Sid Brechin said...

Here ( Canada ) we call it Remembrance Day.

For my Great Grandfather it was the best birthday gift he could have got. He had be serving since before the war. Shortly before the war broke out he had been the youngest Sgt in the Black Watch. His older brother had been killed in South Africa during the boer war.

On the news I noticed this is the first Nov 11 that there are no surviving WWI veterans in the UK.

I recall it wasn't that many years ago that Canada lost the last of the Boer war vets. We lost our last VC winner about 2 years ago.

All in all I'm glad I choose to serve. I became the first commissioned officer in the family. ( Shorty after my father was commissioned. Odd having your Dad calling you Sir. )

It may sound like an oxymoron but no one hates War more than the soldier.

Colleen - the AmAzINg Mrs. B said...

Julie, that was have done them they have for all of us :-)

Autumn Leaves said...

I so enjoyed reading your words, Julie. I have to say those Munro boys were quite a handsome lot (especially that yummy Archie!). I so wish I had such stories and history of my own family. Sadly, there is no one left to tell them. I have only dim memories.

gma said...

I remember....Hope all of our vets felt the love on their special day.

Thomas Wold said...

Beautiful memorial to some extraordinary men. TW

Shopgirl said...

I wish that I had brought out the pictures of our family that have been in war. We have a long list of wonderful men who put their life on the line for us.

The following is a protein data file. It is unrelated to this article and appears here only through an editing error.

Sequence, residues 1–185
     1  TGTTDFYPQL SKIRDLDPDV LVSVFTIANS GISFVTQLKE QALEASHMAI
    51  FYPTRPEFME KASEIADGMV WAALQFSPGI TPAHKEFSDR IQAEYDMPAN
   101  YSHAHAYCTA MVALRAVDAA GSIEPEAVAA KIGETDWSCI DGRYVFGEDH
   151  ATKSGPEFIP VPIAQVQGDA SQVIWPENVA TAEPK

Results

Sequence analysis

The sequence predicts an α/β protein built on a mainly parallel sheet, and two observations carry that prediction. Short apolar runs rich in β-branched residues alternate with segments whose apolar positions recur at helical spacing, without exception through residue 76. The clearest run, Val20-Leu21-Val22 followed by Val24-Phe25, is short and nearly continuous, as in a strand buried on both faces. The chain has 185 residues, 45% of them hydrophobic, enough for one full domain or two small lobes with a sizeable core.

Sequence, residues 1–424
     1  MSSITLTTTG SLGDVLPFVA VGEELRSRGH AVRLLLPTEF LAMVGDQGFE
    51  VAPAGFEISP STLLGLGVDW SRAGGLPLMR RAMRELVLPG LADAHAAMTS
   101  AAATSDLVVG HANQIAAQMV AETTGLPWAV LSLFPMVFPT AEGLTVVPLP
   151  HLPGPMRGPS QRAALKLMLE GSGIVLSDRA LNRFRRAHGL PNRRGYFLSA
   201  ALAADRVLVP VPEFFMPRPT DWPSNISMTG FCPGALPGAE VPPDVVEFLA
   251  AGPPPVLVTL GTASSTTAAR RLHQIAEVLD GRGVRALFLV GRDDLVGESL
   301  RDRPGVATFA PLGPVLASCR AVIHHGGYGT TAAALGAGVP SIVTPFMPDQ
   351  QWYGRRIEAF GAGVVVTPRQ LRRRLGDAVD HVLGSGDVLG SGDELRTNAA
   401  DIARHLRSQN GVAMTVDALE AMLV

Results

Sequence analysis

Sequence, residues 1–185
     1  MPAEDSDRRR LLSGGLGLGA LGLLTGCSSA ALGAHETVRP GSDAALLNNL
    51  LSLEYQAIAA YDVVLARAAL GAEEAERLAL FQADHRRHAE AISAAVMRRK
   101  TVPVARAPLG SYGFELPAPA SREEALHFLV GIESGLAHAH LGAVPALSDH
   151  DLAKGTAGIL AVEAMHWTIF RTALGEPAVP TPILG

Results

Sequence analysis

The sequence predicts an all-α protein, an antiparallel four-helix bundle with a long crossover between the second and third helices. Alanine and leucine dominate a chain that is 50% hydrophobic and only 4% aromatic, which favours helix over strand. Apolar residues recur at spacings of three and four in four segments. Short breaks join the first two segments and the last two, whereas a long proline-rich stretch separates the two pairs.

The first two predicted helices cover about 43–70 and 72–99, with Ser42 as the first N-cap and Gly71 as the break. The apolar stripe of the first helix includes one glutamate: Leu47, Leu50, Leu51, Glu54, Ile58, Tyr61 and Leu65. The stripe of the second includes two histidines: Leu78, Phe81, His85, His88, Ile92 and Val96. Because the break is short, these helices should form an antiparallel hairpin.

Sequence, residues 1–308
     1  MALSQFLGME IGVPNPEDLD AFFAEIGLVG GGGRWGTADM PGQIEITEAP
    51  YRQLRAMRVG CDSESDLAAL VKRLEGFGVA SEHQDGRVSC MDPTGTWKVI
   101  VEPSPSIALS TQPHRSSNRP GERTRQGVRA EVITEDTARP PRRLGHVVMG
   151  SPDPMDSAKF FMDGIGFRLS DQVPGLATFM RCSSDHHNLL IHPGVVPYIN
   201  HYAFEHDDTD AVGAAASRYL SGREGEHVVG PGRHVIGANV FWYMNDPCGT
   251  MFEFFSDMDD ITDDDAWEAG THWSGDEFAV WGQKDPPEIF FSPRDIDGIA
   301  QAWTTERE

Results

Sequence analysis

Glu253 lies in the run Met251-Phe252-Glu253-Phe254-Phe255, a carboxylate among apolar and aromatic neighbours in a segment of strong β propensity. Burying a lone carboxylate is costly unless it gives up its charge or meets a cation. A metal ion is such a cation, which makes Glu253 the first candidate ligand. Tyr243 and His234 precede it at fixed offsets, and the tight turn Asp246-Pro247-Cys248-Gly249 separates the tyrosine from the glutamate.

Arney was in the Air-Force.
This was as always a beautiful post, we have so much to be thankful for...We will never forget.
Love, Mary

Acornmoon said...

It is hard to imagine what it is like to serve and die for your country. Equally, it must be as hard to sit at home and wait. Your post was a lovely, moving tribute.

Lynda said...

This is a beautiful post, Julie. It's wonderful that you know so much about your ancestors.

Joyce said...

Fascinating! I always love hearing your family should be very proud of those wonderful Uncles who were so brave and willing to forsake their own lives for another.
Thanks as always for enriching my day!!
Be blessed, Joyce

Sharon said...

I have faithfully attended Remembrance Day ceremonies (as it is called in Canada) in my small town since I was a child. The weather always seems to be cold and rainy or snow which helps to remind me of the misery the men went through in the trenches. We don't have many World War II vets left; however, there were some young men who had been on tour of duty in Afghanistan, and one private who laid a wreath in memory of his friend who was killed over there.
Your post was very moving. It's an incredible gift to write about the history of your brave family so that we feel we know them personally.